The airworthy fighter, based at Imperial War Museum Duxford, is one of only two left in the world to have been restored to its original specification.
Records show that P9374 had a total flight time of 32 hours and 5 minutes at the time of its loss.
The aircraft was shot down over Calais in 1940 and discovered when its wreckage was exposed by the tide.
During this early morning sortie P9374 was hit by what is thought to have been a single bullet fired from a Dornier 17-Z bomber which holed the Spitfire’s coolant system. With an overheating engine, and with no realistic hope of returning across the English Channel, Cazenove made a wheels-up forced landing at low tide on the beach near Calais.
During his time as prisoner Cazenove made several escape attempts but was later incarcerated at Stalag Luft III from where the Great Escape was mounted.
Cazenove became involved in forging documents for the escapers, but of the many scheduled to break out of the tunnel he was last on the list. His physical size led to fears that he would become stuck in the tunnel, but this may well have saved his life as the escape was discovered before Cazenove’s turn came.
Post-recovery, the Spitfire went first to the Musée de l’Air at Le Bourget, Paris, from where it was acquired by a French collector, Jean Frelaut, in 1981. It was from Frelaut’s estate that the aircraft was acquired by the present owners, Mark One Partners, in 2000 and placed on the British Civil Aircraft Register as G-MKIA that year.
Eventually the plane was bought by American billionaire philanthropist Thomas Kaplan, https://en.wikipedia.org/wiki/Thomas_Kaplan who owns both of the surviving Mk1 Spitfires, had it meticulously restored to its original condition by a team of expert engineers.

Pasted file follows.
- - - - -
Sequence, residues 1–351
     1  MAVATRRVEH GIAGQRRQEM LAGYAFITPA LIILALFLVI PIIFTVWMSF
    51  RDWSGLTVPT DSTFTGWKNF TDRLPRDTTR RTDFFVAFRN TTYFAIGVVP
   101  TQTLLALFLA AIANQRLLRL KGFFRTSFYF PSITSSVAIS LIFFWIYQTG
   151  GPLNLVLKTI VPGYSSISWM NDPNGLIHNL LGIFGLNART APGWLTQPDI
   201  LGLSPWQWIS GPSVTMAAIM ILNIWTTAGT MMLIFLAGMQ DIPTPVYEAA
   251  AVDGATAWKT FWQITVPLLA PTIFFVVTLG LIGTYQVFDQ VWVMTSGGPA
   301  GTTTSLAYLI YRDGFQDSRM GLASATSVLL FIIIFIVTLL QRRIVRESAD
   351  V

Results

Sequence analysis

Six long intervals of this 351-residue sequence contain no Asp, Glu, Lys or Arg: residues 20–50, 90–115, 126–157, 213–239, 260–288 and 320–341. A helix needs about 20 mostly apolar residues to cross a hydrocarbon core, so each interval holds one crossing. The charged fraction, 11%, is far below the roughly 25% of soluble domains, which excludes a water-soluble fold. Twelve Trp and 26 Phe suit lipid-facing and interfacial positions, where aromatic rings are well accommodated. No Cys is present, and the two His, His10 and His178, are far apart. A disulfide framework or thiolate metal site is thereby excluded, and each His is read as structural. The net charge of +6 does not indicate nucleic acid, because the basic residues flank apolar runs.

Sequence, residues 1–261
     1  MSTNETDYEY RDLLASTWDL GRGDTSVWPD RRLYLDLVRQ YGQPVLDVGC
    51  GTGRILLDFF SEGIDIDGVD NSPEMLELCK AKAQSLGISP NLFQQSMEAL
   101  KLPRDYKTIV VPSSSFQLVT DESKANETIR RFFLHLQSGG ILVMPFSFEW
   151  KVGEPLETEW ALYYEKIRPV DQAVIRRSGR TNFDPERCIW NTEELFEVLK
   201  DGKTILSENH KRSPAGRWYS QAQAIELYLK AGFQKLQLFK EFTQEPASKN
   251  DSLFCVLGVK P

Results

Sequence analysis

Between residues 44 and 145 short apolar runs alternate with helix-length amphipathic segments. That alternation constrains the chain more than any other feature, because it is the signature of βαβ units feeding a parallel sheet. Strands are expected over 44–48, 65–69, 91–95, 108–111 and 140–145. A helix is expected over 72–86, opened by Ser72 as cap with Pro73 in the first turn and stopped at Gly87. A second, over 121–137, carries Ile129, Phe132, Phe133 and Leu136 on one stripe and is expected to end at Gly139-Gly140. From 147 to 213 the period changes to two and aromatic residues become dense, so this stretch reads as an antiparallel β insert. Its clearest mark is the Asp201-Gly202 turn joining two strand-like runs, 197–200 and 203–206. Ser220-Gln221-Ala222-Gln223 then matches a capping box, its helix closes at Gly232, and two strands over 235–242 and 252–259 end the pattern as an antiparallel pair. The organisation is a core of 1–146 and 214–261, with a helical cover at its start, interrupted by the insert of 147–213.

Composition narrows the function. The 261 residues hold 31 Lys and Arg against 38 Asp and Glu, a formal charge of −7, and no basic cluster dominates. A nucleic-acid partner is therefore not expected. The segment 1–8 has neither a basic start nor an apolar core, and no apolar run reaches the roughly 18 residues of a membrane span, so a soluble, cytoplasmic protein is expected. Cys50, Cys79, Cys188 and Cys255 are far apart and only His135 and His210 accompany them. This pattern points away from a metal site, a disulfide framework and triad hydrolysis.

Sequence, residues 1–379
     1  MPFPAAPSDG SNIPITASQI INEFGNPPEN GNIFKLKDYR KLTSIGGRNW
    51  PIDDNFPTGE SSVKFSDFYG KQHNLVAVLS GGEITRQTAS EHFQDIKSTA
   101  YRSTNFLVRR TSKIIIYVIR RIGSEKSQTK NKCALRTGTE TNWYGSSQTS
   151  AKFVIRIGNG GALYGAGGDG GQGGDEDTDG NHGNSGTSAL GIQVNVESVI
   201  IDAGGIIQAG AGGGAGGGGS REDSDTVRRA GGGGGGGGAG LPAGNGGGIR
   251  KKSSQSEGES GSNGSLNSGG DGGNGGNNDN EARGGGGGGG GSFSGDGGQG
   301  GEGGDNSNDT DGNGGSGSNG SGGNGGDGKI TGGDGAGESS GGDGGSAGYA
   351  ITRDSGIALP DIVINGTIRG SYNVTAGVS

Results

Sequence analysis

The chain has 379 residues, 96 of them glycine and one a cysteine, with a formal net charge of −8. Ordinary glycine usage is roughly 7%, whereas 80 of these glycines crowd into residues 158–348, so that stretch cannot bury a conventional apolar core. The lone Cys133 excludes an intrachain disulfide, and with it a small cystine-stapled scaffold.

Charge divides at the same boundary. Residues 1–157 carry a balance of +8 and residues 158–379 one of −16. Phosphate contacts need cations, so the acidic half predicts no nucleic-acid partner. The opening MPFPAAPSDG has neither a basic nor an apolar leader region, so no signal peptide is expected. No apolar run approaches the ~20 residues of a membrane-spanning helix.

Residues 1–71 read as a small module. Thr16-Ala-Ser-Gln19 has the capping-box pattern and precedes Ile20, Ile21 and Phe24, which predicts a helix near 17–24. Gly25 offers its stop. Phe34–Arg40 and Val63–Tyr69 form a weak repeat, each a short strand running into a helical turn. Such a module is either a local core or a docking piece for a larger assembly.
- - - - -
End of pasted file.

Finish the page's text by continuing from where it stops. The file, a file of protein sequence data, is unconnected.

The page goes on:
The money will go to the RAF Benevolent Fund and Oxford University's Wildlife Conservation Research Unit. The other Mk1 - N3200 - will be gifted to The Imperial War Museum Duxford.
Mr Kaplan said: 'When my great childhood friend Simon Marsh and I embarked upon this project, it was to pay homage to those who Winston Churchill called The Few, the pilots who were all that stood between Hitler's darkness and what was left of civilization.
"These are concrete gestures of gratitude and remembrance for those who prevailed in one of the most pivotal battles in modern history."
"The return to Duxford of N3200 which was itself piloted by the heroic Commander of RAF Duxford, is an act of love and desire to enshrine a British legacy."
He added: 'The sale of P9374 for charity is likewise an opportunity to share that passion with others and to benefit causes that have moved me since boyhood. The RAF Benevolent Fund represents a way to honour that breed who gave so much for Britain when its existence was imperilled."
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